State Police worked with the Governor's Highway Safety Program to target distracted drivers. Program director Bob Tipton said it's difficult to get accurate numbers on how many people talk on their cellphones or text while driving, because many are reluctant to admit they were using their phone at the time of an accident.
"We know it's a huge problem," Tipton said.
He said he was once hit by a driver who was on a cellphone. "I saw it coming, and I couldn't get out of the way," Tipton said.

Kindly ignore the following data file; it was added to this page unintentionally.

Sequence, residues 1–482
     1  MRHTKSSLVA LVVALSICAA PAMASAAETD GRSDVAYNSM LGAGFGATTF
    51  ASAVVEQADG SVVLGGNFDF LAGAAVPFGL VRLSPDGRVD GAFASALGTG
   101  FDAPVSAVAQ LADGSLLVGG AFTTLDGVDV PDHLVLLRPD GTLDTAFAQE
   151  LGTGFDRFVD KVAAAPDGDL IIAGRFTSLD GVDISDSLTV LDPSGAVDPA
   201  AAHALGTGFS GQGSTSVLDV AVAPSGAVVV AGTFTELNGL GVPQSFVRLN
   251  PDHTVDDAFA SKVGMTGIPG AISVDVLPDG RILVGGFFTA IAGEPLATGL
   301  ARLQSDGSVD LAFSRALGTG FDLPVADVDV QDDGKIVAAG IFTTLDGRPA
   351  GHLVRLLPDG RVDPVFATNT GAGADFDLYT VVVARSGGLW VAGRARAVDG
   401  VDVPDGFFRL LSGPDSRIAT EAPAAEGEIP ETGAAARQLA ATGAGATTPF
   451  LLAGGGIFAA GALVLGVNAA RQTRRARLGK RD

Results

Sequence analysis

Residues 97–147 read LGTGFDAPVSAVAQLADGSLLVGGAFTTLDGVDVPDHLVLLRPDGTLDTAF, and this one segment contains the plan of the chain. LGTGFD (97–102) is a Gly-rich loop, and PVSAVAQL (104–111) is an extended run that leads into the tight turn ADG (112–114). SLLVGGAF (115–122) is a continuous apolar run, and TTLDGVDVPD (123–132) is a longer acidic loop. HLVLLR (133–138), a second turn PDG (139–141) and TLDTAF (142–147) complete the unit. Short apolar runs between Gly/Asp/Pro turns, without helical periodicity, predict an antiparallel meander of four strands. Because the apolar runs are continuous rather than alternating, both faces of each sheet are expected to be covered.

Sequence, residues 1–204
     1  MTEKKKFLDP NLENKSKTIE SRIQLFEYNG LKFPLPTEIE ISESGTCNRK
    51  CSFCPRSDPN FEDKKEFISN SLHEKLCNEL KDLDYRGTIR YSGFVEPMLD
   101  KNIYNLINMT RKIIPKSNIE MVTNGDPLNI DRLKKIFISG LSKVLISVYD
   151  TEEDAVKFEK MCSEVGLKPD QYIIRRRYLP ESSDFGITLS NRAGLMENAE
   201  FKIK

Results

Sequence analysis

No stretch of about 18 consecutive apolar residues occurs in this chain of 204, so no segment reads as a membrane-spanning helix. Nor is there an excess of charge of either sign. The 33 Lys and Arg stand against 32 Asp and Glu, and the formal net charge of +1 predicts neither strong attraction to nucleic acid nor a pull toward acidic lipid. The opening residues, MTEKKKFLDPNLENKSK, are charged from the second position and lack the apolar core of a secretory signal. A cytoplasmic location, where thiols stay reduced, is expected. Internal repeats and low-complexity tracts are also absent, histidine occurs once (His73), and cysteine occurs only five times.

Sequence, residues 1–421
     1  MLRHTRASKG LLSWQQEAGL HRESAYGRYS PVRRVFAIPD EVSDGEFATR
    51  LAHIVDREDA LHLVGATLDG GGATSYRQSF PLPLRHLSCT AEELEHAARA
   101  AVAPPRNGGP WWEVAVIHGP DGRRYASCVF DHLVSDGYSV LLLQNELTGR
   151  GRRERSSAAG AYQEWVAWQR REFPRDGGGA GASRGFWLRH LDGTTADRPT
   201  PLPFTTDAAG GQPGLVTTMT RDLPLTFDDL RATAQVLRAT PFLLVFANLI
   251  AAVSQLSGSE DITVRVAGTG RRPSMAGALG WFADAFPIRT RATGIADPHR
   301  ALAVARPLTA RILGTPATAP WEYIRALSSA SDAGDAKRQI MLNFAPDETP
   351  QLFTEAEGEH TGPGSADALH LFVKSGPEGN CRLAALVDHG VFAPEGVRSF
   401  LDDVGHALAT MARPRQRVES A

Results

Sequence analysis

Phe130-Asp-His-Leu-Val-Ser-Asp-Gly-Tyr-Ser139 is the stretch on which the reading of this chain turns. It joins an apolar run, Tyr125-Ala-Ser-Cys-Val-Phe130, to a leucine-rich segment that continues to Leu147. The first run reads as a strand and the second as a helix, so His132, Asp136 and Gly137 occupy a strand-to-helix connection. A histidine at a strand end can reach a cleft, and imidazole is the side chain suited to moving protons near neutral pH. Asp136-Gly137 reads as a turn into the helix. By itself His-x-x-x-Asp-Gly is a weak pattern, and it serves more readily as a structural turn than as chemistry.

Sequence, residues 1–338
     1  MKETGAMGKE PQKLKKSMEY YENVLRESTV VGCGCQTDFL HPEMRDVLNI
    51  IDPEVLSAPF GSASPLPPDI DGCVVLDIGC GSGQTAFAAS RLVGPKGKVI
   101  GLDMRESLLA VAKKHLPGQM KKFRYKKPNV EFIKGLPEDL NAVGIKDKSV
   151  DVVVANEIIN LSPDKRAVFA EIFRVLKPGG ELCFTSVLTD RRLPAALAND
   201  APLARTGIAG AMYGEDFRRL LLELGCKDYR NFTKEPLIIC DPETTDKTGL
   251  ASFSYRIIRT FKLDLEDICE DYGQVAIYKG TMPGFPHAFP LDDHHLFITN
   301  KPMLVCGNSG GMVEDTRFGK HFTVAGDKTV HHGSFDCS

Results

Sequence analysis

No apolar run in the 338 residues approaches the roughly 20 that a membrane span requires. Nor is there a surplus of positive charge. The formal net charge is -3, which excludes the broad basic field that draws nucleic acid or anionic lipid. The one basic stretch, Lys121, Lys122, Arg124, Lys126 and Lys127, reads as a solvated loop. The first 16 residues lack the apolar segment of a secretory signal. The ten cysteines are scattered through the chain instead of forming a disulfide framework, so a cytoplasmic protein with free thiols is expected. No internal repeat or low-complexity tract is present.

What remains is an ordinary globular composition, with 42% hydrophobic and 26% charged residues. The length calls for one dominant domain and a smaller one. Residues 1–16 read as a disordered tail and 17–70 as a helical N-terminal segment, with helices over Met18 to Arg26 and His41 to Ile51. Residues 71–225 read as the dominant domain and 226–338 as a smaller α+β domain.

Zerkle said most West Virginians will abide by the new cellphone law once they know it's in place. State Police have been trying to tell motorists that the law will become a primary offense starting this summer.
Kanawha County officials have already banned the use of cellphones by county employees while driving. And while the new law has exemptions for law enforcement officers, Baylous said West Virginia State Police Superintendent Col. Jay Smithers is strongly discouraging state troopers from using cellphones in their cars unless absolutely necessary.
"We'll be setting the example," Baylous said.
Reach Rusty Marks at rustyma...@wvgazette.com or 304-348-1215.